As audiences, we have certain expectations when we attend a performance, whether it be a play, movie, or concert. We expect the actors to transport us to another world, to make us believe in their characters and their story. But what are the unspoken agreements between the audience and the actor? What are the expectations that we bring to every performance?
Firstly, we expect the actor to be fully committed to their performance. This means not only learning their lines and blocking, but also investing emotionally in their character. We want to see the actor fully engaged in the story, so we can be too.
Secondly, we expect the actor to understand their role in the story. Whether they are the protagonist or antagonist, comic relief or tragic hero, we want to see them fulfill that role to the best of their ability. This means not only playing their part well, but also understanding how their character fits into the larger narrative.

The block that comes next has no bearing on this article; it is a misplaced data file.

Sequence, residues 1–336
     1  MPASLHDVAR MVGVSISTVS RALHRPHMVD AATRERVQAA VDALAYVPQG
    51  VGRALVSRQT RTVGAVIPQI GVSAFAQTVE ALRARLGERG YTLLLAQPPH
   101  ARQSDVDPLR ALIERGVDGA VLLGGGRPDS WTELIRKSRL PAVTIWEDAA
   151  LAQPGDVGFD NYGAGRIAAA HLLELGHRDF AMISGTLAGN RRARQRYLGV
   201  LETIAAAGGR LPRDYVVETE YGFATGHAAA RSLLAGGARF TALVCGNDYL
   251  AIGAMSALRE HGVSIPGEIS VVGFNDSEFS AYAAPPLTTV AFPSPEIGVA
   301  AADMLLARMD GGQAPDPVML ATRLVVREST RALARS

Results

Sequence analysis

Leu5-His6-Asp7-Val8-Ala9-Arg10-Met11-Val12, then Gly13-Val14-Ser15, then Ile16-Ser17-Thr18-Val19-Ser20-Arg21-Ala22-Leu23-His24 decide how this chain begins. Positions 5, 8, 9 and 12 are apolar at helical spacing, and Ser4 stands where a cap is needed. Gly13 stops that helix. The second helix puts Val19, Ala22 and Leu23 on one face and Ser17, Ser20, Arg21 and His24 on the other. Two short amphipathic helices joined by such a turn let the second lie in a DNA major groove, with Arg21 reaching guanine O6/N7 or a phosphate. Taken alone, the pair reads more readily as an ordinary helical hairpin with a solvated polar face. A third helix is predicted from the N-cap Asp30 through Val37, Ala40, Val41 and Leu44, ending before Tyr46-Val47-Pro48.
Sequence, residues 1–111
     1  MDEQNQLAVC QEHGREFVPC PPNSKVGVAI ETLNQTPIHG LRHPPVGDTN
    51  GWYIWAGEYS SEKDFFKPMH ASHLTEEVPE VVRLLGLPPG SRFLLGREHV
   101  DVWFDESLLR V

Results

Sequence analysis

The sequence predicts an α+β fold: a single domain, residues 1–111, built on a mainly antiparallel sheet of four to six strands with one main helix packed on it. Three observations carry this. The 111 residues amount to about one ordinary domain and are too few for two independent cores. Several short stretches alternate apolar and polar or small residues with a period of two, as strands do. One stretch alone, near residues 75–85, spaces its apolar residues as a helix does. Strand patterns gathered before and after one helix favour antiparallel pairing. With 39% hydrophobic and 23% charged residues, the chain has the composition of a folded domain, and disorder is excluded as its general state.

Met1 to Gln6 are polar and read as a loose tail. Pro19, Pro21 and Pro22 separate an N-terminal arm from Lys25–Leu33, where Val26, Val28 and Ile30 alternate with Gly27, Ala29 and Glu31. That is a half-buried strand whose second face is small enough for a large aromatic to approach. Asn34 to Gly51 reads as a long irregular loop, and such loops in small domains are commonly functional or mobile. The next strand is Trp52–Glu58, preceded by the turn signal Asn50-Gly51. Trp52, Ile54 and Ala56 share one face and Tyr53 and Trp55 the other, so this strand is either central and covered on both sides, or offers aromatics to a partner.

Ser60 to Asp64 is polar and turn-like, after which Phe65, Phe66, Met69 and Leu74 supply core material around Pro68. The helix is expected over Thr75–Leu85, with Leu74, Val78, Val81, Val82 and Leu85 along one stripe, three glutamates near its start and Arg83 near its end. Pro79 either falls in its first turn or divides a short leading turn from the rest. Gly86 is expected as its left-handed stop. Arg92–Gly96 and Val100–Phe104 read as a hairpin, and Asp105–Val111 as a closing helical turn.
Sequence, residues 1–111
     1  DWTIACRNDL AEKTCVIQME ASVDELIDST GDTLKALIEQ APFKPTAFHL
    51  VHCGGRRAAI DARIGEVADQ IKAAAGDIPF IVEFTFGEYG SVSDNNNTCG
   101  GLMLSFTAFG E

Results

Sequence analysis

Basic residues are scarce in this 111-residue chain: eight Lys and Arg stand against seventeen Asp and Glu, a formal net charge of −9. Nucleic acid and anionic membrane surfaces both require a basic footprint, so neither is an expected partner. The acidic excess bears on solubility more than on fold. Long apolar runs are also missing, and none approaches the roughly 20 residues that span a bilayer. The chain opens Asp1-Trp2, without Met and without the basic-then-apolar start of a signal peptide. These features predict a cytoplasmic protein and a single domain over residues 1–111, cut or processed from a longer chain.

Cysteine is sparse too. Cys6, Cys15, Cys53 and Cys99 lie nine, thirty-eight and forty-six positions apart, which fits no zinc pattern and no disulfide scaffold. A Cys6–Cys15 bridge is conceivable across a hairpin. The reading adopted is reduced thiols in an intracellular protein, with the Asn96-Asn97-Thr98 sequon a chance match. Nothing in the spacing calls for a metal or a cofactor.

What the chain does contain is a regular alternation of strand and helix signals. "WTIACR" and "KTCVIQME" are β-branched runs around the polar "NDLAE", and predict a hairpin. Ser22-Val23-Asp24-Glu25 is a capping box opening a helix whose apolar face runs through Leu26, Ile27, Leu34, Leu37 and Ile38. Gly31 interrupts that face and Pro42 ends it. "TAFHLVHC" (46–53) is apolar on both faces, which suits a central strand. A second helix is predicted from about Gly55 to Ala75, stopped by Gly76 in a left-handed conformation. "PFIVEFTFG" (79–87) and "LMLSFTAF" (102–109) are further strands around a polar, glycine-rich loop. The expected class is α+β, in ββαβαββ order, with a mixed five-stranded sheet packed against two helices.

Thirdly, we expect the actor to be present and in the moment. This means being fully engaged with their fellow performers, reacting authentically to what is happening on stage or screen. We want to see the actor listening to their co-stars, responding to them, and being fully present in the scene.
Finally, we expect the actor to be respectful of the audience. This means not breaking character, not laughing at their own jokes, and not engaging in distracting or disruptive behavior. We want to be able to fully immerse ourselves in the performance, without any outside distractions.
As actors, it is important to understand these unspoken agreements with our audience. By fully committing to our performances, understanding our role in the story, being present in the moment, and respecting our audience, we can create a truly immersive experience that will transport our audience to another world. And as copy editors, it is our job to ensure that these expectations are met through clear, concise writing and editing that enhances the performance.